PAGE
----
Chocolate makers now predict a deficit of two million metric tons of chocolate by 2030. The industry faces its longest lasting deficit in 50 years in a trend experts have predicted since 2010. “In twenty years, chocolate will be like caviar. It will become so rare and so expensive that the average Joe just won’t be able to afford it,” quoted NPR in 2010. We are right on schedule. As a result, consumers can expect to see less chocolate and higher prices in the grocery stores. This shortage might be just what the industry needs to turn itself around.
Chocolate, as we know it, originated in the Mezzo-American Mayan and Aztec civilizations, which most likely imported their cacao plants from modern-day Venezuela. While the average Joe used cacao in cooking, nobles and priests consumed the bulk of the crop in the form of drinking chocolate. The Spanish conquistadors brought cacao to Europe, where it remained the “food of the Gods,” fit only for nobility, much like caviar today.
With the industrialization of agriculture and growth of monoculture in the 20th century, both supply and demand of chocolate grew until even the average Joe could afford a Hershey’s bar on his lunch break. Rather than cultivating clusters of cacao trees in shaded rainforest areas as the Mayans had done, industrial plantation owners began growing whole open fields of cacao with the help of pesticides and child labor.
One open secret is that the price of cocoa, which is the product of cacao trees, has actually dropped 72 percent in recent decades. In 1980, cocoa sold for $3.75/kg, which is equal to $10.00/kg in 2013 dollars. In an attempt to reform the cocoa industry, the Ivory Coast instituted a minimum price of $1.50/kg in 2012. In 2013, cocoa sold for $2.80/kg.
The question remains if the price of cocoa has dropped, why the chocolate shortage and how to stop it? Environmental factors play a crucial role. Industrial cacao trees grow best in virgin soil. By taking steps against deforestation, the cocoa industry limits its own ability to expand cultivation of traditional cacao trees. Furthermore, various fungi, such as frosty pod, have wiped out an estimated 30-40 percent of cacao crops in West Africa, which is home to 70 percent of the world’s cacao plantations.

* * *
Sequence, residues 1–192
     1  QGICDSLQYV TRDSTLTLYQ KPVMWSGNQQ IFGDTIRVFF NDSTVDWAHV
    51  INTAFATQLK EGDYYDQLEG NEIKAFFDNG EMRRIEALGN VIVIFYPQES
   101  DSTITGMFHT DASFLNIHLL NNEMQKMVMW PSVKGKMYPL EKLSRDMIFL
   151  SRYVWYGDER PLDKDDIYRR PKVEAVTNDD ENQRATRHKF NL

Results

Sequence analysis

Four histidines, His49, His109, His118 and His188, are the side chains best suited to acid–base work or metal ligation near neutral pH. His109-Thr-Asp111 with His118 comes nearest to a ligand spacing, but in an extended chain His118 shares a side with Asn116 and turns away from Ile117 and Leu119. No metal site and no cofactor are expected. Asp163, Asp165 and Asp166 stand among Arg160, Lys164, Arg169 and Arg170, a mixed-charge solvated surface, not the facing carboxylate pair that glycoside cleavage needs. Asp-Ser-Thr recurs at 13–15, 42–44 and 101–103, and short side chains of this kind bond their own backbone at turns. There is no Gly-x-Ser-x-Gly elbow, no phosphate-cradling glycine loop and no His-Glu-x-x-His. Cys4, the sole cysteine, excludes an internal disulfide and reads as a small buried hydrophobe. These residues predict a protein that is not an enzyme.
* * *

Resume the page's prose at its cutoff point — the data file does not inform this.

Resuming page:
Two clear alternatives exist. One is to return to traditional cultivation via growing cacao in small clusters in rainforests in conjunction with complementary crops, such as coffee. This is the path taken by many fair trade producers and chocolate cooperatives, notably in Mexico and Central America. The other is to turn towards technology. Researchers in Central Africa are engineering a new cacao tree capable of producing cacao pods at seven times the current rate.
Economic factors play their part as well. Production costs make up only 30 percent of the price of a chocolate bar. The other 70 percent covers management, marketing, distribution, as well as the seeds of change. Nestle has pledged $120 million over ten years to developing high yield cacao trees. Cargill has established 1,200 field schools to teach improved agricultural skills to its farmers, including no child labor. These investments demonstrate how the current price of chocolate ensures the future of the industry.
The world is consuming more chocolate than it can produce, both in quantity and quality. Emerging markets, such as China, have increased the world’s aggregate demand for chocolate products, as more people than ever before have the means to consume luxury foods, such as chocolate. Moreover, the composition of that chocolate has changed over the past 20 years, as a result of an event affectionately known as the “Chocolate War.”
In 1994, France and Belgium advocated for a European Union standard that would require products to contain 50 percent cacao in order to be called chocolate. While the measure did not pass, a compromise required all chocolate products to list the percentage of cacao on their packaging. This resulted in an increased demand for dark chocolate, which are those products containing in excess of 70 percent cacao. Milk chocolate contains only 6-12 percent cacao. The higher the percentage of cacao, the higher the price of the chocolate will be. Since this ruling, Europeans and North Americans have consumed increasing amounts of cacao per person, which has added to the increasing world demand for chocolate.
Now, the chocolate bubble bursts–the world has more first-time chocolate consumers, just as each consumer demands more cacao. The current production model faces both environmental and economic threats. Therefore, two paths lay ahead–a return to historic production methods or a turn to technology and innovation. Either way, chocolate is destined to return to its origins as a luxury good.
Blog By Sara Gilman